The rationale behind this partial deregulation is, according to the Bill, the fact that the RAIF shall be managed by an alternative investment fund manager (“AIFM”), who is already underlying the supervisory obligation and which shall be underlying increased liability to compensate the absence of regulatory supervision.
Indeed, directive 2011/61/EU of the European Parliament and the Council of 8 June 2011 on Alternative Investment Fund Managers (the “AIFMD”) introduced an adequate supervision of funds managers (“Management supervision”) rather than the investment vehicles themselves (“Product supervision”). AIFMD was introduced in the Luxembourg system by Law of 12 July 2013 (the “AIFM Law”). The continuous success of the recently modernized common limited partnership (société en commandite simple (the “SCS”) and the introduction of the special limited partnership (société en commandite spéciale (the “SCSp”) into Luxembourg Law showed that the industry preferred speed to market and structuring flexibility over Product Supervision.
Considering the Investment fund Managers are already supervised and considering the investors that will be targeted by this new product, the obligation to supervise the RAIF “on top” seemed unnecessary.
II. Eligible investors
The RAIF targets sophisticated investors, namely:
- Institutional investors
- Professional investors
- Qualified investors (self-certification obligation or recommendation from a credit institution or any other professional of the financial sector or a management company and minimum investment of EUR 125,000)
III. Appointment of a duly authorized alternative investment fund manager
The RAIF shall be restricted for the structuring of funds that appoint a duly authorised (Luxembourg or EU Member State and, in certain cases, outside the EU) AIFM. The RAIF will be managed and monitored by AIFM’s subject to the supervision of their competent national authority.
The AIFM shall:
- be authorised to act as AIFM of funds pursuing the relevant investment strategy ; and
- if the AIFM is established in another EU Member State: have complied with its obligations to provide management services in Luxembourg.
IV. Other required service providers
The RAIF will be required to:
- - deposit its assets with a Luxembourg based depositary
- - appoint an independent approved Luxembourg auditor with appropriate professional experience
- - have its registered office and central administration in Luxembourg
Although the RAIF may undertake administrative functions itself, often these functions are entrusted to a specialized Luxembourg service provider (a central administration agent).
V. Type of structure of the RAIF
Just like the SIF and the SICAR, the RAIF may be established, among others, as:
-a common fund (fonds commun de placement, FCP); or
- an investment company with variable capital (SICAV) in various forms (public limited liability company (SA), private limited liability company (SARL), cooperative organized as a public limited company (SCOSA), a corporate partnership limited by shares (SCA) a SCS or an SCSP.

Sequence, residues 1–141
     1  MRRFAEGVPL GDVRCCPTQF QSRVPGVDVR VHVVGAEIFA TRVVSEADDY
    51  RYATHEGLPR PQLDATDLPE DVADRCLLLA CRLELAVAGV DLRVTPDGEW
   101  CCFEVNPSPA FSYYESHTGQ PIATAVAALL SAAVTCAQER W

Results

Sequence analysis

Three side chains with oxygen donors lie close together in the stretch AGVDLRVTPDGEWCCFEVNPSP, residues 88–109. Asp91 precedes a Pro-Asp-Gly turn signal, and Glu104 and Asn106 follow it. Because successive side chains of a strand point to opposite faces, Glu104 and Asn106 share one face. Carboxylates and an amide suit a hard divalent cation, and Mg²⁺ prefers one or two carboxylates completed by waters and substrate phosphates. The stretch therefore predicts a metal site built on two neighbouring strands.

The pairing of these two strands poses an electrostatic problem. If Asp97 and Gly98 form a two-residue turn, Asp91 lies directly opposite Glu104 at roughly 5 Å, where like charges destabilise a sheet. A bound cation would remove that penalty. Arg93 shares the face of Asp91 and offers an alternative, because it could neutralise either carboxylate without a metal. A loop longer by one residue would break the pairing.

- any other form, including but not limited to corporate entities as foreseen by the Law of 10 August 1915 on commercial companies.
The corporate minimum requirements depend on the legal form which has been chosen, however the minimum net assets shall be of EUR 1,250,000 within 12 months as of the launch.
The RAIF, depending on the type of structure, benefits of different forms of contribution to the capital (contribution in cash, contribution in find, to a certain extent, capital commitments).
VI. Umbrella structures
Among the other major changes, the RAIF will introduce the possibility for umbrella structures to non-regulated funds.
This shall enable the RAIF to launch from time to time ring-fenced compartments, each compartment corresponding to a distinct part of the assets and liabilities of the RAIF.
Each compartment can display specific features set out in the RAIF’s issue document.
VII. Tax regime
The RAIF does not introduce a new tax regime but gives the option for two tested and well-functioning tax regimes.
RAIFs will either be subject to:
- i) General tax regime (exemption from corporate income or other taxes in Luxembourg, except for a subscription tax (taxe d’abonnement) on their net assets at a rate of 0.01% p.a. (with various exemptions). This subscription tax will also apply to RAIFs established as an SCS or an SCSp (unless they opt for the special tax regime referred to under ii) below).
- ii) Optional tax regime applicable to the SICAR (fully subject to tax except for qualifying risk capital income and gains). This option also allows access to the benefit of double tax treaties).
RAIFs opting for this tax regime will further be exempt from net wealth tax, except for a minimum net wealth (in general, the amount of the minimum net wealth tax would be EUR 3,210 p.a. for RAIFs holding 90% or more fixed financial assets, transferable securities and cash).
In order to benefit from this optional tax regime, among others, the constitutive documents of a RAIF will have to foresee that its exclusive object consists of the investment in “risk capital” (the Bill refers to CSSF Circular 07/309 as regards diversification requirements).
The auditors of a RAIF that has opted for regime ii) will have to establish a report at the end of each financial year certifying that the RAIF has effectively invested in risk capital over the relevant period. This report will be communicated to the Luxembourg direct tax administration (Administration des Contributions Directes).